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2nd Marine Logistics Group

Photo by Cpl. Peter R. Miller

Praise and Worship Team raises warship roof

1 Sep 2007 | Cpl. Peter R. Miller

It's a quiet September evening aboard USS Kearsarge. The sky is dull, the water blue, and the sea is calm. The chapel is found deep within the ship, through a maze of corridors, down tunneling stairwells. Hidden here, Marines and sailors of the 22nd Marine Expeditionary Unit (Special Operations Capable) Praise and Worship Team drive soul into the heart of the warship.

Reaching the final descent, the rhythm of Cpl. Keith C. Baker's guitar pulsates through the door, leading a cadence of 20 voices. Baker, a sailor and a fellow Marine lead the Saturday Contemporary Christian Service in songs of praise.

"I like music and coming here makes me feel better about my life,"said Baker, a data network administrator with the MEU's Command Element. "It's all about worshiping God and fellowship with other Christians."

Baker, a Clifton, Texas, native, has played the guitar for friends since his junior year of high school, he said. Now married, his main audience is his infant daughter who watches with fascination, peeking from his wife's arms, as he plays.

"Kaitlyn's only eight months old, but she still likes it when I play for her,"said Baker.

Supported by the rhythm from Baker's deft fingers, Petty Officer 2nd Class Anna Nichols'voice resonated within the riveted walls. Nichols, a cryptologic collection technician here, has been singing in church choirs since the fifth grade, she said. Serving as one-third of this "blue-green" team, Nichols understands the mess that differing schedules create.

"There are so many schedules,"said Nichols. "We have people who work in the mess hall, others who work on planes, and I work 12-hour shifts. Sometimes, making it to church can be tough."

The group has overcome scheduling conflicts from the beginning, said Cpl. Daniel A. Sanabria-Morales, the Praise and Worship Team leader.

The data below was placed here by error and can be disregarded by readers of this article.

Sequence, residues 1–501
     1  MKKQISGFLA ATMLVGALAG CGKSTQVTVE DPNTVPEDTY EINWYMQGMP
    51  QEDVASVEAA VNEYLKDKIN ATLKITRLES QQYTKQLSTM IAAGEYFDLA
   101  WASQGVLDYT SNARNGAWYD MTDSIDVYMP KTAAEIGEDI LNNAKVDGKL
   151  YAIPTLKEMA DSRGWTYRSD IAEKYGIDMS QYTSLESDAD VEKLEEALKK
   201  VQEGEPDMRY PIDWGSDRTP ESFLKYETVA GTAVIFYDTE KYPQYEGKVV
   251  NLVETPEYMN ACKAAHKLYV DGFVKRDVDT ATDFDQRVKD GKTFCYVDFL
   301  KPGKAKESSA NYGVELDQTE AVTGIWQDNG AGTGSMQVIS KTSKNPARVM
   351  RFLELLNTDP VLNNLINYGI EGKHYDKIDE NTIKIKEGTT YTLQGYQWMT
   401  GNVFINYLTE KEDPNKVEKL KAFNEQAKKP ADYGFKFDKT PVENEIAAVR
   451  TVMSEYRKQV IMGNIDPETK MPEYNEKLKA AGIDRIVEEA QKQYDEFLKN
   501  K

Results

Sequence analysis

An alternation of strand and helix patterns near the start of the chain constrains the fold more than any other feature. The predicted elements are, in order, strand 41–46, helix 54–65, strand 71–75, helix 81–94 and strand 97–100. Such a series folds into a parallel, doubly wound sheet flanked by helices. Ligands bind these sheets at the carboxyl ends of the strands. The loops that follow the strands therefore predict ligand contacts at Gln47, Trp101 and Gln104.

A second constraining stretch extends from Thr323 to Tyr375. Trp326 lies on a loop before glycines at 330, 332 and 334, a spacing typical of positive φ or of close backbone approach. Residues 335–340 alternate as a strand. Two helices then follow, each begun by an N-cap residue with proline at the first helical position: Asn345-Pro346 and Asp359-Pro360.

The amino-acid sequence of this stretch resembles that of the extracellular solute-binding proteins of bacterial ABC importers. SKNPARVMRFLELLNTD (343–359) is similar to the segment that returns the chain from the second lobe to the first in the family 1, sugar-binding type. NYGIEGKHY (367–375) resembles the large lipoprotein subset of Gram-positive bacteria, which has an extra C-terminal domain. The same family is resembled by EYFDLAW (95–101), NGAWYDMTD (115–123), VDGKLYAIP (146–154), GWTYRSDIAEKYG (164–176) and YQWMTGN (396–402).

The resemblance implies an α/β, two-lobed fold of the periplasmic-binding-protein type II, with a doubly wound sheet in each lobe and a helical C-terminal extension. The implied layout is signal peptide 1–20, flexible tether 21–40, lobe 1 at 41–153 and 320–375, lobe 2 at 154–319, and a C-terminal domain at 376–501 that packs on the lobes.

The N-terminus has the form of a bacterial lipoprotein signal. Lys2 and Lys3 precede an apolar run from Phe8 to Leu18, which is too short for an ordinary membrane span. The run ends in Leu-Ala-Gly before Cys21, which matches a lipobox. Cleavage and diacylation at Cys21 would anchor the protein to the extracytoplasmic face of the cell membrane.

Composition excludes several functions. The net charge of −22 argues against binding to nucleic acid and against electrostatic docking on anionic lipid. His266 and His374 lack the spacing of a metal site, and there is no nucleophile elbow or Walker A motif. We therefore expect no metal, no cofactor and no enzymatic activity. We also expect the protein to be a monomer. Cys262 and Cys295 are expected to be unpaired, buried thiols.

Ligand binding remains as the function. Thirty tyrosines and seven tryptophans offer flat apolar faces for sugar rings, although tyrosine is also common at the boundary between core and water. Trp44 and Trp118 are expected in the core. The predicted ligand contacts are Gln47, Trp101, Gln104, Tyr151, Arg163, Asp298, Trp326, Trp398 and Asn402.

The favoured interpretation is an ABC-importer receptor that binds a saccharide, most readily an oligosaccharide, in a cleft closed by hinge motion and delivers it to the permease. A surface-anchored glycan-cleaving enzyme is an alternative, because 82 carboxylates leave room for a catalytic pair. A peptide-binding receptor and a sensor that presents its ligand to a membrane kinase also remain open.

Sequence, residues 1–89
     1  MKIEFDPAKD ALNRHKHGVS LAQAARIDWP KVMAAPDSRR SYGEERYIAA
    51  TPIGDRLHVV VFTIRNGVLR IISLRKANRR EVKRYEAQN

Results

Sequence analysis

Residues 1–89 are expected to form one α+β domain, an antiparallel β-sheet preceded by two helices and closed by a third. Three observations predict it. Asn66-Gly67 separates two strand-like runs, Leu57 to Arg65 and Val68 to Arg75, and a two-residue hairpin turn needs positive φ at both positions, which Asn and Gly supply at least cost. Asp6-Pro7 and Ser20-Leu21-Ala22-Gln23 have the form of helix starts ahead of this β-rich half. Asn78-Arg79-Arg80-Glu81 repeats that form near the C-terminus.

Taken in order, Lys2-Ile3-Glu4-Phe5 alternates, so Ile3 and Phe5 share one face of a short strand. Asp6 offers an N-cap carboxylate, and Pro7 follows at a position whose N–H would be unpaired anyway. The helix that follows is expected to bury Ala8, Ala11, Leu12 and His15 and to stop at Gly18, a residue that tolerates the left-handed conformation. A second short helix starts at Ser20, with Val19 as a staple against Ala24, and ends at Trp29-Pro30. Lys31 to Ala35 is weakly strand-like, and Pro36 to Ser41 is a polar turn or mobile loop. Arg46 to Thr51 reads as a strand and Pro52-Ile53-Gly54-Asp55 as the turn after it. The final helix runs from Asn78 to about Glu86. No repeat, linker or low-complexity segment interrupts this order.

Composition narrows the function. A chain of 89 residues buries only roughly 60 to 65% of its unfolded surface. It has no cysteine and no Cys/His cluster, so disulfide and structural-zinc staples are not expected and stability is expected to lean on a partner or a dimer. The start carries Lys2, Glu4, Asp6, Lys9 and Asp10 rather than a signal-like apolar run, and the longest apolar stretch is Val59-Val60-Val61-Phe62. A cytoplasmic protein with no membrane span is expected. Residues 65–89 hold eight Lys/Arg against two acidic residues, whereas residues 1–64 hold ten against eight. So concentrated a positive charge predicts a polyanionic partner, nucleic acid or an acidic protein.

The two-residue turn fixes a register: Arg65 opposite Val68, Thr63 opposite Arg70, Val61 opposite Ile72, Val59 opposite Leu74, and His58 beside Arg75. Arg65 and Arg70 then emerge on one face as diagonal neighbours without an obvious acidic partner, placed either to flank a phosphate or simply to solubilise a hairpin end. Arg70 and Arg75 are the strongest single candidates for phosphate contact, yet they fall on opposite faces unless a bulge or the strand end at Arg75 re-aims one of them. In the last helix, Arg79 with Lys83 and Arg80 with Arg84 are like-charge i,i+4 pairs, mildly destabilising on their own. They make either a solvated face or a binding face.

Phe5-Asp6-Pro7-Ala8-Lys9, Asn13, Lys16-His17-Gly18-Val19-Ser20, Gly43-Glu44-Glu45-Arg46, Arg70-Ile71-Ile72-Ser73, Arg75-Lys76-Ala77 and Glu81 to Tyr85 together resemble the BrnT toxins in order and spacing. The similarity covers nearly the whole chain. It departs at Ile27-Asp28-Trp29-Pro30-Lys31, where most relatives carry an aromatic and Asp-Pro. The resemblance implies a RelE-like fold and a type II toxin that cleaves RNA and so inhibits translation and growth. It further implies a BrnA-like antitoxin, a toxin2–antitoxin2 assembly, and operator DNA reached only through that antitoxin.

"During COMPTUEX, (a May pre-deployment shipboard exercise) I felt I wanted a little more variety in the services, so I approached the chaplain and asked,'Sir, I know you're busy so is there any way that I can come and help you with the service?' It was like an answer to his prayers because he definitely wanted something like this to happen. We have been working on this project since then, and it is finally coming together."

Sanabria, a supply admin clerk by trade, has since worked with the MEU's Religious Ministry Team in his spare time to learn how to lead a contemporary Christian service in songs of worship.

"I have never done anything like this before,"said Sanabria, "I have no musical inclination whatsoever, so most of the time I'm learning from the others."

"My personal singing aside, this is a good thing because we can reach people's hearts and minds better with music than preaching, and it's about reaching people for Christ,"said Sanabria, a Piscataway, N.J., native.

In addition to preparing the slide shows and music for the services, Sanabria actively recruits musicians and participants for the services.

"To be part of the team, you don't have to be a musician; I myself am obviously not a musician,"said Sanabria. "However, if you have a love for the Lord, and this is something that appeals to you, we can always find a spot for you here."

Religious Ministry Team leader and 22nd MEU(SOC) Chaplain, Navy Cmdr. Bill Appleton, also highly encourages participation in the services. According to Appleton, music frees the heart to express the deepest passions of love.

"I witness weekly the effects of inspiring Christian music upon the souls of young and old alike,"said Appleton. "It's a love ballad that celebrates the relationship between Christ and his bride: the Church."

The 22nd Marine Expeditionary Unit (Special Operations Capable) is deployed in support of the Global War on Terrorism. It consists of its Ground Combat Element, Battalion Landing Team, 3rd Battalion, 8th Marine Regiment; Aviation Combat Element, Marine Medium Helicopter Squadron 261 (Reinforced); Logistics Combat Element, Combat Logistics Battalion 22; and Command Element. To learn more about the 22nd MEU(SOC), visit the unit's Web site at

22nd Marine Expeditionary Unit